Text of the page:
I didn’t like these exaggeration of PC speech to begin with, but I think this incident really cinched it for me.

Self Explanatory Ad

January 11th, 2005

It’s so nice when people botch up translations.

I just logged into my Hotmail account, went to the inbox, and on the top of the page there appeared an ad from Microsoft. The ad was for the MSN Toolbar, and in Hebrew.

I think what they wanted to say was along the lines of "The pop-up blocker is one click away", or something of the sort. What they did say was "The ad blocker is one click away"… In their banner ad…

Which is a good point, I don’t want to see this ad. It’s quite refreshing to see simple ads that can not only describe a product, but also demonstrate that you really need it.

I have my doubts that the MSN Toolbar will work on my Firefox browser, though. But I do have the (quite wonderful) AdBlock extension, so I’m proud to report that I will now no longer need to see this ad. And they were perfectly right, it was just one click away… Thanks for the reminder.

BTW, I am aware that using the free service without seeing the ads is not very nice. But if they can discriminate against me just because I don’t live in the US or in Puerto Rico, then I’m allowed to be pissed off and not see their ads.

More on Well-Wishing in Different Languages

January 10th, 2005

In a previous post I mentioned that due to high usage of English I mistakenly wished a friend good luck using an inappropriate Hebrew phrase (Using a literally translation instead of the correct semantic one).

It recently occurred to me that not only me, but many other people
as well, are routinely guilty of a very similar mistake. The situation
is the same one where one would like, using English, to wish "Good
Luck". If the relevant activity is one that depends, even to a small
extent, upon the abilities of the person, it is quite common to add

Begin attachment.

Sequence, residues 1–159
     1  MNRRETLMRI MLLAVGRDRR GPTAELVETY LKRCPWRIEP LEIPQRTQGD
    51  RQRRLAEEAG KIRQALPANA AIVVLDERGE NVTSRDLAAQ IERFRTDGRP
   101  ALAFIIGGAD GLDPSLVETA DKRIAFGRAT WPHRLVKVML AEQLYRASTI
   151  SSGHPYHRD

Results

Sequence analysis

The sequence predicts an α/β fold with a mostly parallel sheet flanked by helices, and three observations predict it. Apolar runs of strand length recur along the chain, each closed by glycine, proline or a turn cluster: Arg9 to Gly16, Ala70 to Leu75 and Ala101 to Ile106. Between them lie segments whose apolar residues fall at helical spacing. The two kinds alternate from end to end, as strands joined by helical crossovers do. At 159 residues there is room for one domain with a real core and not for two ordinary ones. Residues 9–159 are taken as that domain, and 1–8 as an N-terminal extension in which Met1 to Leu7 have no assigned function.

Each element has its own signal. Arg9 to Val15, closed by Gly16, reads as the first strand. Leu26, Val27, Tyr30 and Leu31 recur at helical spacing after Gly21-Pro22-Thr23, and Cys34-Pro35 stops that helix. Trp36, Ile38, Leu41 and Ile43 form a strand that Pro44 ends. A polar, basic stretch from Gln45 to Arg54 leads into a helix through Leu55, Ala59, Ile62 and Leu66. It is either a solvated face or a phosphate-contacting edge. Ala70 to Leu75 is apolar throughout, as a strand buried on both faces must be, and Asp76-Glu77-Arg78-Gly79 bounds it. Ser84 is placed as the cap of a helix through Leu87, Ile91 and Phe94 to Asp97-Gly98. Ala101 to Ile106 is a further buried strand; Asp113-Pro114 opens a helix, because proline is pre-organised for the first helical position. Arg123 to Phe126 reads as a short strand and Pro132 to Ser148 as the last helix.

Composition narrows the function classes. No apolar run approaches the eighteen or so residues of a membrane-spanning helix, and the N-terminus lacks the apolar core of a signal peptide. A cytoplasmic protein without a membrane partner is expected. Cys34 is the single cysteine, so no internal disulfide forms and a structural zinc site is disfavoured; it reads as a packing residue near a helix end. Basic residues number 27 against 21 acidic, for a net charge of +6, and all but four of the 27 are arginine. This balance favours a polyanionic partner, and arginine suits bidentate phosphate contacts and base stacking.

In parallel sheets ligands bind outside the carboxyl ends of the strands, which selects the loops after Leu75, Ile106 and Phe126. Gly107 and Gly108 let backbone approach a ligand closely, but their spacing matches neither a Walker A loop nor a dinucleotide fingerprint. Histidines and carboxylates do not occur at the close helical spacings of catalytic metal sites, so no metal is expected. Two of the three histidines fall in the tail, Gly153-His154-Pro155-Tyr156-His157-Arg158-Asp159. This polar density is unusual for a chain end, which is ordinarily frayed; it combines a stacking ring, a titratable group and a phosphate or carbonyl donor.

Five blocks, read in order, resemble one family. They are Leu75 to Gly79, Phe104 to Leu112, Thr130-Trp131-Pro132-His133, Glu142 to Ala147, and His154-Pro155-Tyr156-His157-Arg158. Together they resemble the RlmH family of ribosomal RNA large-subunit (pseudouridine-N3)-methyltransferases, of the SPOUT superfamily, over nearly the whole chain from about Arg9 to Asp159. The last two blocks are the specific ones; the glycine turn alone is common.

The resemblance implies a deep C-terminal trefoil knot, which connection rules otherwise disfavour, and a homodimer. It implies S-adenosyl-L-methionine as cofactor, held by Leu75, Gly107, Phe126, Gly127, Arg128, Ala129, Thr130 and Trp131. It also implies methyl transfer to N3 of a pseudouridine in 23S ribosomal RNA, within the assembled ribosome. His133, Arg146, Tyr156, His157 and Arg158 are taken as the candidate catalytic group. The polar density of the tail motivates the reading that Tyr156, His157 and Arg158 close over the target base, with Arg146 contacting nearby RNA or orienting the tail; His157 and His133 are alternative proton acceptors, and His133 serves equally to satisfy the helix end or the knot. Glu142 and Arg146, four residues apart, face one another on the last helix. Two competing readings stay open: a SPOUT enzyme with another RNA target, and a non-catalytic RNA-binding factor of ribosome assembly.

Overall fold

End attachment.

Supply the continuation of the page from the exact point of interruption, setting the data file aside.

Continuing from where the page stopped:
something along the lines of "any may you won’t need it". This
expresses the hope that the person’s abilities are up to the task, and
that success would be achieved even without luck.

The good-luck semantic (though not literally) equivalent in Hebrew,
"Behatzlacha", does not talk about luck, it rather just wishes a
success. And yet it becomes a more and more frequent occurrence to hear
people follow it by what literally means and may you won’t need it.
The phrase and usage from English has entered the used Hebrew language
to such an extent that it seems natural to people. Nobody ever notices
that it makes very little sense to wish someone a success and that they
won’t need that success. It’s understood that the second part refers to
luck even though the first part has nothing to do with it.

I find it funny that there’s a common Hebrew phrase that only makes
sense if you replace half of it with a semantic equivalent in English.

Idioms and Well-Wishing

January 4th, 2005

Living in a country speaking one language, and spending lots of time dealing with another one, has it’s problems. Like the tendency to borrow phrases and idioms.

I have a friend who has a big university test tomorrow. So naturally I wanted to wish my friend good luck. I speak Hebrew with this friend, like I do with most of them. But I read in English all the time, write in English a lot, and get to speak a decent amount of time in English.

The result of which was that during conversation I wished my friend "Mazal Tov". "Mazal" is the Hebrew word for luck, and "Tov" is good. It felt very natural to say good luck during the conversation.